Sources

Wisdom’s Natural Poultry (both thighs and ground chicken are available)

Garlic scapes. NYTimes breaks story. No e-scape.

Tuesday, June 24th, 2008

Garlic scapesI had never seen a garlic scape before this Farmer’s Market, and had no idea whatsoever how to cook with them until this timely NYTimes article. Inspired by what can only be called a homage to alternative garlic, I grabbed a big handful of scapes from the ¡Cultiva! Youth Project and set to work cooking.

Scapes are especially interesting because they are a byproduct of garlic production, a part of the garlic plant that is traditionally cut off to promote the growth of the bulb and discarded. Some clever farmers discovered that they were not only edible, but delicious enough to some that there is a ready market for them at upscale produce venues.

Garlic Scapes in the Manner of Green Beans
First I made the White Bean and Garlic Scapes Dip described in the article, a sort of cannellini-based hummus. The result was delicious, with a subtle alterna-garlic kick. This dish was well-received, though some in our party felt that fewer scapes in the mix would make a less daunting exercise in garlic. Enboldened, and following Melissa Clark’s lead, I threw together the following dish:

Garlic Scapes in the Manner of Green Beans

  1. large handful of garlic scapes, chopped diagonally into 2″ lengths
  2. 2 Tb butter
  3. 1 Tb lemon juice
  4. black pepper to taste

Blanch scapes in salted water for 7 minutes. Drain and dry scapes. Melt butter in sauté pan, toss scapes until done to your liking. Add lemon juice and black pepper to taste.

Very interesting. The flavor is subtle, with obvious garlic notes, and texture somewhat similar to that of green beans, but “gummier.”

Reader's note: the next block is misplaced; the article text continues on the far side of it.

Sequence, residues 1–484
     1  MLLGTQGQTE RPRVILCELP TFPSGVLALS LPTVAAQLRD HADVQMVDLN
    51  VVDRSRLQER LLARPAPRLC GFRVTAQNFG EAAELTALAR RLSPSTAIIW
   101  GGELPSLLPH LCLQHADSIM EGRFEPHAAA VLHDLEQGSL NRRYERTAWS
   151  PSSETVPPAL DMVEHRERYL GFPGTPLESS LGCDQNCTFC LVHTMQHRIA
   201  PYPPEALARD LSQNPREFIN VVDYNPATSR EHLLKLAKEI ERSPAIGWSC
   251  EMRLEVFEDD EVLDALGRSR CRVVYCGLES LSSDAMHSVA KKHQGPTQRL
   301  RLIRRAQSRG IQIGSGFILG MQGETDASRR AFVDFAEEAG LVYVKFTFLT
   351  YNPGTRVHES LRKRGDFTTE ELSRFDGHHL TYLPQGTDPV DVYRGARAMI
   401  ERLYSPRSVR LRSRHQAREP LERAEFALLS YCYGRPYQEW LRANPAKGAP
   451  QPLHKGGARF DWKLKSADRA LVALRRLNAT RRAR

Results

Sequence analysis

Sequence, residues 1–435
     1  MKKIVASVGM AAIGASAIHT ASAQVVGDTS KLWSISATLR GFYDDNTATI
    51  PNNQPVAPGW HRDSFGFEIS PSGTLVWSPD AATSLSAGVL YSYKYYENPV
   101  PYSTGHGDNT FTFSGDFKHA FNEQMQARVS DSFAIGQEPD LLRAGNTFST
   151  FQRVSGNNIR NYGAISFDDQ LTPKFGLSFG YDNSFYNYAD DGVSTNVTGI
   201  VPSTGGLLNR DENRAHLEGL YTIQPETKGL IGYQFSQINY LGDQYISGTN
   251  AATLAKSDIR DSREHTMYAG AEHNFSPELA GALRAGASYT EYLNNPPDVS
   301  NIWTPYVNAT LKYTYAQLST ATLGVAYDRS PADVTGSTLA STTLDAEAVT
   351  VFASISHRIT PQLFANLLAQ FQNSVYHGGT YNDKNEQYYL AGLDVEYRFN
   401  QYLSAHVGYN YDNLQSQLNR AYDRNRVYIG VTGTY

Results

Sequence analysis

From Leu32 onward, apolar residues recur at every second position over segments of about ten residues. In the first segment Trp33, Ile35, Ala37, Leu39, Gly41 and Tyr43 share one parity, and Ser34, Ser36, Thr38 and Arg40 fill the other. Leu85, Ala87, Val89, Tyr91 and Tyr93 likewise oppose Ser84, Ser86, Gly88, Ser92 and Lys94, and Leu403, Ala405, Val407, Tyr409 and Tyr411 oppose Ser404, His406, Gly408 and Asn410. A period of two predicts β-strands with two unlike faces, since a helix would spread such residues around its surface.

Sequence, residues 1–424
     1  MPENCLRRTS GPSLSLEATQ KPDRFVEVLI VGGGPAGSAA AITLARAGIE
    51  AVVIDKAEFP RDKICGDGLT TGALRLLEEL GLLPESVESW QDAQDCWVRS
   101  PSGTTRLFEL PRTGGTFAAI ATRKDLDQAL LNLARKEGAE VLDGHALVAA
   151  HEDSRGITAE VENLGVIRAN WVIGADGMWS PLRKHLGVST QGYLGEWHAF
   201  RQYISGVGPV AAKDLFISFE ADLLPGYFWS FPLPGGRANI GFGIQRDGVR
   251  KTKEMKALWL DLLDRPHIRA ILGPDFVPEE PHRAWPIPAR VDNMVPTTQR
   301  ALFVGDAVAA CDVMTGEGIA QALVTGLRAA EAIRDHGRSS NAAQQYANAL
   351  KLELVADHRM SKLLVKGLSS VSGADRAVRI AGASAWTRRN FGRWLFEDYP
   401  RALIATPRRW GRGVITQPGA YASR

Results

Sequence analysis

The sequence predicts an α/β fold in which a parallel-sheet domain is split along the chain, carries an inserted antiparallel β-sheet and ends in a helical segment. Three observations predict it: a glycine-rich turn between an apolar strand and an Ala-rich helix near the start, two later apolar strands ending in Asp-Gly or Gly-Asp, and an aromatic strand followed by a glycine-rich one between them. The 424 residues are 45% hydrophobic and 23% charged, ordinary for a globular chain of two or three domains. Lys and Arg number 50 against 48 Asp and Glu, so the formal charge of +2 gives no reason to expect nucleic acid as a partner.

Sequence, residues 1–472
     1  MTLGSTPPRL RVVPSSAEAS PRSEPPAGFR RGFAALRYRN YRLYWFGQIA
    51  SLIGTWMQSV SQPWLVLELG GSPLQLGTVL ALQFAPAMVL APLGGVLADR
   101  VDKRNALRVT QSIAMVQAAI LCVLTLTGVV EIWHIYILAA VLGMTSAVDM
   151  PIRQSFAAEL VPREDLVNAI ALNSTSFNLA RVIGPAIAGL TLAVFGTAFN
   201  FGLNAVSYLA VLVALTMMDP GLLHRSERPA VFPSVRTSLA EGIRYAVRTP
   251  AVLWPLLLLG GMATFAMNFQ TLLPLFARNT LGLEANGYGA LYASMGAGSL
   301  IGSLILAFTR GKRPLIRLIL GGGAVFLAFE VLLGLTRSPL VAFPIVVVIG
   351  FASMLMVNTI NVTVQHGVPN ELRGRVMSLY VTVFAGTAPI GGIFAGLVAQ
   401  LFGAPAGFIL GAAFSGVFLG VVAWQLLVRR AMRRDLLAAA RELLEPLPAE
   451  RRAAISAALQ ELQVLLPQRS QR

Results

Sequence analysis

All excitement at New York Greenmarkets aside, perhaps these are an acquired taste.

Sources

¡Cultiva! Youth Project

First strawberries. Shortcake, southern-style. Summer begins.

Wednesday, June 18th, 2008

Southern-style strawberry shortcakeMonroe Organic Farm brought the first strawberries of the season. Sweet, yet delicately so, their perfect texture is a stark contrast from the year-round styrofoam balls that usually pass as strawberries. The first temptation is always to simply devour them all, but cooler heads prevailed. Our house is lucky enough to have a baker in residence (“The Baker”), and she whipped up a batch of old school southern-style buttermilk biscuits – the only true basis for strawberry “shortcake.” The biscuit recipe comes from my Georgia grandmother, and has been handed down in my family for at least four generations.

Buttermilk Biscuits

  1. 2 1/2 cups flour
  2. 1/2 tsp baking soda
  3. 1 1/2 tsp baking powder
  4. 1/2 tsp salt
  5. 1/3 shortening (classically Crisco)
  6. 1 cup buttermilk

Sift together dry ingredients. These next steps take a light touch: Cut in shortening until there are “no pieces bigger than a pea.” Stir in buttermilk evenly. Turn on to a well-floured pastry cloth and knead ten times (I kid you not). Roll out to 1/2 – 3/4″ thickness, the use can or cutter to create 2 – 3″ rounds. Set oven to 450 degrees. Bake about 15 minutes on baking sheet until golden brown.  If you are a wizard these will rise almost impossibly, and mortals must settle for a mildly risen yet succulent biscuit.

The strawberries themselves are simply sliced and a tiny bit of sugar added, then left to “macerate” (as a food writer might say), releasing delectible juices.

Split still warm biscuits, spoon over strawberries, and top with fresh whipped cream. Perfection.

Sources

Monroe Farm

A cookout. Colorado Buff burgers. With cheese.

Monday, June 9th, 2008

Colorado Buff BurgerAfter a rainy May a cookout seems like just the thing. Especially when the fare includes “Colorado Buff Burgers” made of delicous and nutritious ground bison (buffalo) from High Wire Ranch. High Wire has been raising bison and elk naturally and sustainably since 1981 in Hotchkiss, Colorado. The advantages of bison over beef are well known: less fat and calories and, to many, a better taste. This particular bison is grass and hay fed, contains no hormones or antibiotics, and is USDA inspected and monitored for CWD.

No burger is really complete without cheese, so we top these beauties with MouCo ColoRouge, a distinctive soft-ripened cheese with a pale-orange natrual rind. Red onions complete the illusion, briefly sauteéd and finished with a little sherry vinegar.

Behind MouCo is a family of cheesemakers with a great deal of exprience making soft-ripened cheese in Europe. It shows. Like La Quercia, they are making traditionally European products here that compete very well with the best in the world.

Sources

High Wire Ranch

MouCo